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About the Author
R. Albert Mohler Jr. is president of the Southern Baptist Theological Seminary and the Joseph Emerson Brown Professor of Christian Theology. Dr. Mohler can be heard on The Briefing a daily podcast which analyzes news and events from a Christian Worldview. He also writes a popular commentary on moral, cultural, and theological issues at albertmohler.com. He and his family live in Louisville, Kentucky.
Twenty years ago, not one nation on earth had legal same-sex marriage. Now, access to same-sex marriage is increasingly seen as a basic human right. In a matter of less than a generation, western cultures have experienced a moral revolution.
Dr. R. Albert Mohler examines how this transformation occurred, revealing the underlying cultural shifts behind this revolution: the acceptance of divorce culture, liberation of sex from reproduction, the prevalence of heterosexual cohabitation, the normalization of homosexuality, and the rise of the transgender movement. He then offers a deep look at how the Bible and Christian moral tradition provide a comprehensive understanding upon which Christians can build their personal lives, their marriages, church ministry, and cultural engagement.
Dr. Mohler helps Christians in their understanding of the underlying issues of this significant cultural shift and how to face the challenge of believing faithfully, living faithfully, and engaging the culture faithfully in light of this massive change.
Table of Contents
- In the Wake of a Revolution
- It Didn’t Start with Same-Sex Marriage
- From Vice to Virtue: How Did the Homosexual Movement Happen?
- The Impossible Possibility of Same-Sex Marriage
- The Transgender Revolution
- The End of Marriage
- What Does the Bible Really have to Say about Sex?
- Religious Liberty and the Right to be Christian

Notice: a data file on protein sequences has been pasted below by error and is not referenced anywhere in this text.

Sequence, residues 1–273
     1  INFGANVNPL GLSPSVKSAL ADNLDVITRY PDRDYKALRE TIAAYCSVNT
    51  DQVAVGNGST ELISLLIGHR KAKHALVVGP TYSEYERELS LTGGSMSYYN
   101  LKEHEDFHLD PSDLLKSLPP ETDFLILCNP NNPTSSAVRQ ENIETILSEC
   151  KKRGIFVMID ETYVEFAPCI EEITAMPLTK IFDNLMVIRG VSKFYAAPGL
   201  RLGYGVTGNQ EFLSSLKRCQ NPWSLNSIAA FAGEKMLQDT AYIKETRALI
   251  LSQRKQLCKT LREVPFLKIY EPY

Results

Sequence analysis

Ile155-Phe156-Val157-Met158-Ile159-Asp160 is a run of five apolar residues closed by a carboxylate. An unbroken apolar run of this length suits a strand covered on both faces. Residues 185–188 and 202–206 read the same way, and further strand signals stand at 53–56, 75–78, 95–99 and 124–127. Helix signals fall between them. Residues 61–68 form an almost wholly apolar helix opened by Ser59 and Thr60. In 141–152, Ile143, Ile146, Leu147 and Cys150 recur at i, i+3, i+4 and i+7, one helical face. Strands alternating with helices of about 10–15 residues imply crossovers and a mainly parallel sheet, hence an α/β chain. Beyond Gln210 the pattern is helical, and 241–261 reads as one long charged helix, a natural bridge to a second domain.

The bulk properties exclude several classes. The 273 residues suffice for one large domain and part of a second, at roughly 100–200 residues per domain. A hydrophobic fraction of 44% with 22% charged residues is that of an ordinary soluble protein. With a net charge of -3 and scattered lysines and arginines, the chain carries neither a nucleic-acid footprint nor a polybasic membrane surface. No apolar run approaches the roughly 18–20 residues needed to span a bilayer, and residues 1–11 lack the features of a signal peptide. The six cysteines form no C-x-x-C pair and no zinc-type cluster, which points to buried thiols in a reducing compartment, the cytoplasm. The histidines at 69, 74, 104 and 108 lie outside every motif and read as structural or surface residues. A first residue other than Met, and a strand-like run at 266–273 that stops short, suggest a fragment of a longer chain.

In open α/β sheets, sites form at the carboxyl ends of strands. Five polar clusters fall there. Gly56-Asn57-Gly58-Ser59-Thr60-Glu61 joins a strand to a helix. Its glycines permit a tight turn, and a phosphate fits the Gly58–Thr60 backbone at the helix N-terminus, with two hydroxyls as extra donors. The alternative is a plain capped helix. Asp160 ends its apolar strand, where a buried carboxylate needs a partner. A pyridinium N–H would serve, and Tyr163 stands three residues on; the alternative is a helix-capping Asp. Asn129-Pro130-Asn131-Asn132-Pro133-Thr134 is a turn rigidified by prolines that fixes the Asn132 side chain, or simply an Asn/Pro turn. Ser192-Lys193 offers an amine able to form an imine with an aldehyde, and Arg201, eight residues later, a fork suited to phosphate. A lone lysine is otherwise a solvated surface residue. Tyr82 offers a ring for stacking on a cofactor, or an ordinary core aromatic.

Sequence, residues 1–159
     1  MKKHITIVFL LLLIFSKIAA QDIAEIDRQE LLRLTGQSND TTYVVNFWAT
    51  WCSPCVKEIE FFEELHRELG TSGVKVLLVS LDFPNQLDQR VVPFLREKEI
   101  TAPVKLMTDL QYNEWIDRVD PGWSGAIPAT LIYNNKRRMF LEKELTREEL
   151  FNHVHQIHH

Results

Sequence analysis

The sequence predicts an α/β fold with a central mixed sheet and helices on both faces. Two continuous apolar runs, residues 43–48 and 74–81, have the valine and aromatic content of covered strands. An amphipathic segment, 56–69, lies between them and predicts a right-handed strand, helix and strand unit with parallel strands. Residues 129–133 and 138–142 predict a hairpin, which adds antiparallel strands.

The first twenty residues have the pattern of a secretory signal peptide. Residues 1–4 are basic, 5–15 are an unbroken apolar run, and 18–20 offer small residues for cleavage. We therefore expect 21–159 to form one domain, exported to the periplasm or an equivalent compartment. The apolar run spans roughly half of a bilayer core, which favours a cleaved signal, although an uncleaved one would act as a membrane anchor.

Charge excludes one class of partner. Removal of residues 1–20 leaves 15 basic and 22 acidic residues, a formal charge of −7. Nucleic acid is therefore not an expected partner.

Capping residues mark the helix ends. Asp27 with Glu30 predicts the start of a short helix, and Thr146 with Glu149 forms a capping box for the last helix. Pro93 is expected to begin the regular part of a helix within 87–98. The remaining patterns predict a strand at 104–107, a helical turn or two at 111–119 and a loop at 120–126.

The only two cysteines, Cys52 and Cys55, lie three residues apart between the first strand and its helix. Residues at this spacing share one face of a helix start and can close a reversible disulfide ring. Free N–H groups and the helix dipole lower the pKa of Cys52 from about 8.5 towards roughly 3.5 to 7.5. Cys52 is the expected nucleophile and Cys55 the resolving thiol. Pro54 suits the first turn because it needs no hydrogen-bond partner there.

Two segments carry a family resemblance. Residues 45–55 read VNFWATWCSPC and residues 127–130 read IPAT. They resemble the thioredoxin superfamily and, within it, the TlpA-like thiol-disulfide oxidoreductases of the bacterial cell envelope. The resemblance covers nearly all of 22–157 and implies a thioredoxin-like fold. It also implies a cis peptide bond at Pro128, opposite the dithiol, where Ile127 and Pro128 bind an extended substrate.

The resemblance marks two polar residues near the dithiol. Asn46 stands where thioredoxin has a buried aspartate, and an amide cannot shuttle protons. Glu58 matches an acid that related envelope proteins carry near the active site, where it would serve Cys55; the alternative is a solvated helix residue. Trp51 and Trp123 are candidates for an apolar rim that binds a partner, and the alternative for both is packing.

- The Compassion of Truth: The Church and the Challenge of the Sexual Revolution
- The Hard Questions
A Word to the Reader
In the Wake of a Revolution
Mohler begins by alerting his readers that the cultural acceptance and normalization of same-sex relations is extraordinarily different from any moral revolution the church has faced before. Unlike other moral shifts, churches that continue to hold to orthodox teaching on these matters are viewed not simply as “backward” but positively “immoral.” The suddenness of this moral revolution is also unprecedented in history.
Mohler briefly traces the ideological roots of this revolution in the Enlightenment and the slow but sure process of secularization that resulted. Following Charles Taylor’s narrative in A Secular Age, modern people are no less spiritual than they have always been but they object to an interventionary, personal, authoritarian deity who has the right to delimit individual freedoms.
Recent developments have demonstrated that what we are experiencing is a moral revolution, not a moral shift. A moral shift can be accommodated within the existing moral consensus of society, but a revolution fractures that moral consensus. The driving forces behind the Sexual Revolution have not simply been ideological, but also social and technological. Mohler notes the rise of urbanization and mobilization which encourages sexual anonymity. Technological advances in contraception have played an enormous role in legitimizing sexual promiscuity. Another factor was the rise of “sex professionalism,” the creation of an expert class or caste that dictates sexual mores based on purported scientific research. This veneer of scientific objectivity has been used to justify national educational policies.
The end game of the Sexual Revolution, Mohler notes, is the “death of morality,” in essence, a time when sexual activity of any kind will be as neutral an act as eating, sleeping, or jogging. In the next chapter, Mohler will continue to probe the underlying causes that have made the Sexual Revolution possible.[To continue reading this summary, please see below....]
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We Cannot Be Silent: Speaking Truth to a Culture Redefining Sex, Marriage, and the Very Meaning of Right and Wrong